Roll out the barrel
Russ Karasch takes a drink of coffee from his barrel-shaped coffee mug. Root beer barrels sit in a bowl at the front of Heidi Karasch's desk. Even the German shepherd pup roaming around is named Whiskey.
For the Karasch family, owners of Black Swan Cooperage in Osage, life is all about whiskey barrels.
The cooperage, or barrel-maker, is one of only 22 left in the United States.
Heidi Karasch picked up the trade from her father, Russ, who has been making barrels for nearly 20 years.
"It's definitely a unique type of job," she said. "It's something that I wanted to keep going."
If being a cooper is a unique trade, then being a female cooper is even more extraordinary.
"As far as we know, I'm the only female cooper in at least the Midwest," the 23 year-old said.
With only 22 cooperages in the U.S., Heidi said whiskey -- and other barrels -- are in high demand. Some whiskey makers like Jim Beam and Jack Daniels have their own in-house cooperages, she said.
"The amount of liquor that's made in this country is ridiculous," she said.
Russ learned blacksmithing and wheelwrighting many years ago, and said coopering just fit right in.
He first started his own furniture and cabinet shop while still in high school. He then went on to build log homes, and eventually started a re-saw shop making staves for a barrel-maker in St. Paul. When the barrel-maker went out of business, he bought the business and moved it to Avon, Minn.
"I've just always found it fascinating -- taking a pile of wood and making something water tight without glue or any fasteners other than the hoops," he said. "I love making things. Absolutely life couldn't get much better, especially with my family being around."
And having his family by his side at work is a dream come true for Russ.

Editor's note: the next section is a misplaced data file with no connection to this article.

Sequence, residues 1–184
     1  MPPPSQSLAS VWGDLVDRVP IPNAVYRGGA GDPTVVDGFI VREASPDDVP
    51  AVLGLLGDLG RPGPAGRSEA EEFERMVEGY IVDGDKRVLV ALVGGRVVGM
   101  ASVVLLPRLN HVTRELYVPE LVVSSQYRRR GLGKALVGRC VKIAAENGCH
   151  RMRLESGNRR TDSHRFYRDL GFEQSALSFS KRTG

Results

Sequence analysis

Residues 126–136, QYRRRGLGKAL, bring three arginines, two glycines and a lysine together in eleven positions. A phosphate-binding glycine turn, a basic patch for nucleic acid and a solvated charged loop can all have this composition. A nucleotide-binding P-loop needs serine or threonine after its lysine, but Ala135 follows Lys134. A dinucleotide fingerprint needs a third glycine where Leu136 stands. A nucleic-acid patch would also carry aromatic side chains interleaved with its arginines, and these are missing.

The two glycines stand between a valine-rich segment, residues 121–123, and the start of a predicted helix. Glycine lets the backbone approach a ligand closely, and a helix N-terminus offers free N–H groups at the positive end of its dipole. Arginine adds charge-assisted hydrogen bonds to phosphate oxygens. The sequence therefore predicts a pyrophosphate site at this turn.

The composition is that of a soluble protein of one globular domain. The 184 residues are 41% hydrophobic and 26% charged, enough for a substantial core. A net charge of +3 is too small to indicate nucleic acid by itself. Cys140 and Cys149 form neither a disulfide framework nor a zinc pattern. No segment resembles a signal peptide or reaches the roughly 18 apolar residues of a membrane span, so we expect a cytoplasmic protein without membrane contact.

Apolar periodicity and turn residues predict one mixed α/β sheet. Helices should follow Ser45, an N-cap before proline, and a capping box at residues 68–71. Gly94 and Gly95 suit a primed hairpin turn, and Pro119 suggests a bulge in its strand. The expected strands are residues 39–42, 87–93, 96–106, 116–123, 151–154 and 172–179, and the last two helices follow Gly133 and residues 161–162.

"How can life get any better?" he said.
Heidi takes care of the marketing, sales and customer service for the business. Her brother, Jacob, works in the shop and mother, MaryAnn, helps out with paperwork and in the office. The Karasch's youngest daughter, Rebecca, is still in high school.
"Hopefully, she'll join us in the business, too," Russ said.
Black Swan Cooperage moved its operation from Long Prairie to Osage in October of 2010.
To make a Black Swan barrel, quarter-sawn rough white oak is purchased, ripped and molded to round the surface. The staves, the thin, narrow, shaped pieces of wood that form the sides of a barrel, are then cut to length, shaped and the inner cuts are made.
The staves are then arranged using two hoops and bent into the barrel shape. Russ said there are three different ways to bend the staves -- fire, water and steam. Black Swan uses the water method, where the unbent barrel is soaked in hot water before being bent into shape using a winch.
The barrel is then toasted and charred, which will give the alcohol its taste. The heat from the toasting process caramelizes the sugar in the wood, Russ said.
"The heat makes it so the sugars we want are more readily available," he said. "The most important part of the barrel is right here. Absolutely. If you don't have a good-tasting barrel, you're out of a job."
The barrel is then fitted with a cover, permanent galvanized steel hoops are screwed in, and a bunghole is bored and a bung fitted. Heidi then paints Black Swan Cooperage's logo on the top of the barrel, and it's ready for a spirit.
A new kind of barrel
Black Swan Cooperage boasts a new way of aging and flavoring whiskey in their barrels. They have a patent pending for the first-ever honeycomb patterned barrel.
All of Black Swan's whiskey barrels are made from white oak, which gives the spirit its distinctive flavor. Over the aging process, the whiskey soaks into the wood of the barrel and absorbs the sugars in the wood. Alcohol penetrates at least eight times faster into the end grain of the wood than it does the side grain, Heidi said.
To aid in this process, coopers would make horizontal cuts on the inside of the slats used to create a barrel. Black Swan found their honeycomb pattern, instead of horizontal cuts, speeds the aging process for the whiskey while giving the same taste as a more aged whiskey in a non-honeycomb barrel.
"By exposing that end grain in there, it makes the penetration process go a lot faster," she said. "And that's worth a lot of money to distillers and beer makers and wine makers, alike."
Russ said Black Swan tested some of their honeycomb barrels, leaving the whiskey to age just 60 days. The flavor on that whiskey was scored the same as top-shelf whiskey that had been aged in another barrel for three to four years, he said.
"They're finding out with these alternatives that they can make young bourbon taste as good or better than the straight bourbon and they can do it in one-tenth the time," Russ said.